Tag: China

Taiwan’s Best Option for Deterring China? Anti-Access/Area Denial

There are few David versus Goliath matchups in the international system quite like Taiwan versus China. Across virtually every indicator of national power, Taiwan is completely outclassed. In the past, Taiwan relied on a qualitatively superior military and an implicit U.S. security guarantee to maintain its de facto independence, but advances in military technology have enabled Beijing to close the quality gap. Taiwan’s military equipment and doctrine is ill-suited to this new reality. If Taiwan wishes to preserve its de facto independence, it must take a page out of Beijing’s playbook and adopt an anti-access/area denial (A2/AD) strategy.

A2/AD incorporates guided weapons and intelligence/observation systems to prevent enemy military forces from entering a specified area, and, failing that, make it costly for forces to operate within said area. Relatively inexpensive weapons systems that are difficult to defend against, such as long-range anti-ship cruise and ballistic missiles, are a hallmark of A2/AD. American military and political objectives in East Asia require power projection, the moving of air and naval power close to China’s shores. A2/AD is designed to make that difficult.

The same A2/AD concepts and technology that threaten U.S. forces’ freedom of movement can be used by Taiwan to defend against a Chinese invasion. This is just one of several military scenarios that could unfold, but the Taiwanese military should be prepared for the worst. The first phase of a Chinese invasion would be establishing air superiority over the Taiwan Strait and control of the sea around Taiwan. China needs to project power in order to accomplish its objectives. Taiwan can’t defeat China in a stand-up fight, but it can deny the PLA from achieving its objectives with an A2/AD strategy.

Today, Taiwan does not have the necessary military equipment, especially air and naval forces, to conduct an effective A2/AD strategy. Despite having talented pilots, the fighter aircraft of Taiwan’s air force are outclassed by new and numerous Chinese aircraft and missile systems. Earlier this week, the RAND Corporation published a study assessing Taiwan’s air defense options. The study recommends reducing the size of Taiwan’s relatively costly, aging, and increasingly vulnerable fighter fleet to invest a limited military budget toward mobile surface to air (SAM) missile systems. The relatively few surface warships in Taiwan’s navy are similarly vulnerable to Chinese weapons systems. James Holmes of the Naval War College recently recommended that Taiwan’s navy acquire more numerous, fast missile boats armed with anti-ship missiles instead of fewer, larger surface warships that would be relatively easy for the PLA to locate and sink.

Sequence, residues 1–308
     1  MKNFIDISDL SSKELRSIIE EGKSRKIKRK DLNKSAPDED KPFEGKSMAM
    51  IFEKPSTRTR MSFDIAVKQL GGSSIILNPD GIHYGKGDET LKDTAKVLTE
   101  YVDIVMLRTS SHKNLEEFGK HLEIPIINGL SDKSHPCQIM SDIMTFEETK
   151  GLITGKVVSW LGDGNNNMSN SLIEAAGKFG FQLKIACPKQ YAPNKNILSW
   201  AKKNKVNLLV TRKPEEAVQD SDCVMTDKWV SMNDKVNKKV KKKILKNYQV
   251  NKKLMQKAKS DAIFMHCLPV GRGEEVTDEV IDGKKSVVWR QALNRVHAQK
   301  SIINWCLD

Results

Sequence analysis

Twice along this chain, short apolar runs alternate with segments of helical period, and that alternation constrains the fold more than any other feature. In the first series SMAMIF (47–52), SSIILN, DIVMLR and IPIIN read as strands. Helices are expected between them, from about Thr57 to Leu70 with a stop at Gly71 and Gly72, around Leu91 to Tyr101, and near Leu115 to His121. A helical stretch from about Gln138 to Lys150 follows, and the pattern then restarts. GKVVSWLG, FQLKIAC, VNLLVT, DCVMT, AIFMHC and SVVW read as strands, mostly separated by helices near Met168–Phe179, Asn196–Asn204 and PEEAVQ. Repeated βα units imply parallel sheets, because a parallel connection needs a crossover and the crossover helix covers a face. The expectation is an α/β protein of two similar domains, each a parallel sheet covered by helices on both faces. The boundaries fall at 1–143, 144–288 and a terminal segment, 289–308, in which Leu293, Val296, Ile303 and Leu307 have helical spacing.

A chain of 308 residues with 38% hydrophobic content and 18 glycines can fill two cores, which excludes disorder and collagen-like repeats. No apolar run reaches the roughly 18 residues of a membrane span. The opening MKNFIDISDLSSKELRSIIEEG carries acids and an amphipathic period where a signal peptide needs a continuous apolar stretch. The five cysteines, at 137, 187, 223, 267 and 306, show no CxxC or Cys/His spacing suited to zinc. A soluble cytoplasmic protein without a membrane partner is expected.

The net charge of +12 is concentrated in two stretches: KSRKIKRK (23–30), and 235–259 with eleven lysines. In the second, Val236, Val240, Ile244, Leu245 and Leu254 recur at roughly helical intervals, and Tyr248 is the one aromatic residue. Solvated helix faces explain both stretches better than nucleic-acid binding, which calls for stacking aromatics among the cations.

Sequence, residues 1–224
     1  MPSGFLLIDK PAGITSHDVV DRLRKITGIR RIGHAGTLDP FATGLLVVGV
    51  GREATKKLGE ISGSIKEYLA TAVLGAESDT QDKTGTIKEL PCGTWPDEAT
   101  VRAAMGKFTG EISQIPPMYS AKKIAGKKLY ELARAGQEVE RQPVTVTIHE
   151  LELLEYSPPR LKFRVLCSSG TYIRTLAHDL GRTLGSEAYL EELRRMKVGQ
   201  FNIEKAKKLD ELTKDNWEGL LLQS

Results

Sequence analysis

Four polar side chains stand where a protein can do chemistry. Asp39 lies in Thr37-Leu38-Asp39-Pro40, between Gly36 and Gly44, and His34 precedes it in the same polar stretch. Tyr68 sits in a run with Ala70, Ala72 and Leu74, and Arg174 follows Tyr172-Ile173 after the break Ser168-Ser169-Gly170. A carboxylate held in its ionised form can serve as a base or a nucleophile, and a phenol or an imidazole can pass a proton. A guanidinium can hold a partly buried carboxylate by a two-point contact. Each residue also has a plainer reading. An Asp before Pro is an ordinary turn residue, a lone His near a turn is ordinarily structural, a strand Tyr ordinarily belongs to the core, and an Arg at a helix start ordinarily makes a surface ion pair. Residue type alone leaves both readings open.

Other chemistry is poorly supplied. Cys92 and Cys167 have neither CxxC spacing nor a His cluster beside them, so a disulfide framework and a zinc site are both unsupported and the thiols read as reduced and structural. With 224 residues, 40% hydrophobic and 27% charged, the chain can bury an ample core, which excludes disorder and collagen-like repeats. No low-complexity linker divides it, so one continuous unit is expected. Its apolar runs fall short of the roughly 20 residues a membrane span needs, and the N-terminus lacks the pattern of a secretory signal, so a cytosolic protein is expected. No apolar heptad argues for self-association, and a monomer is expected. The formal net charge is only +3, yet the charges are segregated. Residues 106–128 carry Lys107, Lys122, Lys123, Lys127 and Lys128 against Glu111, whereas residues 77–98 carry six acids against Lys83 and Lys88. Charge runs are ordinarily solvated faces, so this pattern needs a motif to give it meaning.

Contrary to Trump-Sanders Theory Imports Rise in Booms and Fall in Recessions

Real GDP Growth and ImportsNearly all surviving Democrat and Republican presidential candidates (except John Kasich) have essentially endorsed the shared campaign theme of Donald Trump and Bernie Sanders that the U.S. economy is weak because we import too many goods from foreign countries.  If only we could raise the cost of imports with tariffs, according to the Trump-Sanders theory, then the U.S. economy would supposedly have more jobs and higher real wages.   

Paying more for anything (such as Fords or iPhones) is no way to get rich.  Yet that concept somehow eludes many non-economists.  Theory aside, the idea that fewer imports are good for the economy is the exact opposite of what we have experienced.  The fact is that U.S. imports always fall when the economy slips into recession and imports rise briskly whenever the economy does.

Why You Shouldn’t Fear Trade with China

Trade has enriched humanity, continuously providing cheaper and better goods while dramatically decreasing global poverty. Extreme poverty’s end is now in sight. A Gallup poll released recently shows that 58 percent of Americans view trade as an opportunity rather than a threat, and this belief has been rising. Yet we seldom hear of the incredible benefits of exchange. The 2016 presidential election has brought with it an increased interest in U.S. trade with China, with political figures like Donald Trump prominently focusing on the alleged “harm” done by China to the United States. Here are the three main arguments that trade-skeptics use regarding China and reasons why those arguments are wrong. 

1) Trade-skeptics often claim that trade with China is “taking American jobs.” However, in most cases American and Chinese workers are not competing for the same jobs because they do different kinds of work.   

Comparative advantage and specialization play an important role in every trade relationship. China has the comparative advantage in light manufacturing and heavy industry, while the United States has an advantage in areas involving a high degree of human capital like technology, education, and precision industrial manufacturing

Fewer and fewer Americans work in grueling areas like traditional manufacturing and agriculture, both of which are still common in China. The fall in traditional manufacturing and agriculture employment has been more than offset by a rise in the caring professions and in creative and knowledge-intensive careers, which are safer, more intellectually stimulating, and help improve the standard of living in the United States. 

Getting China to Become Tough with North Korea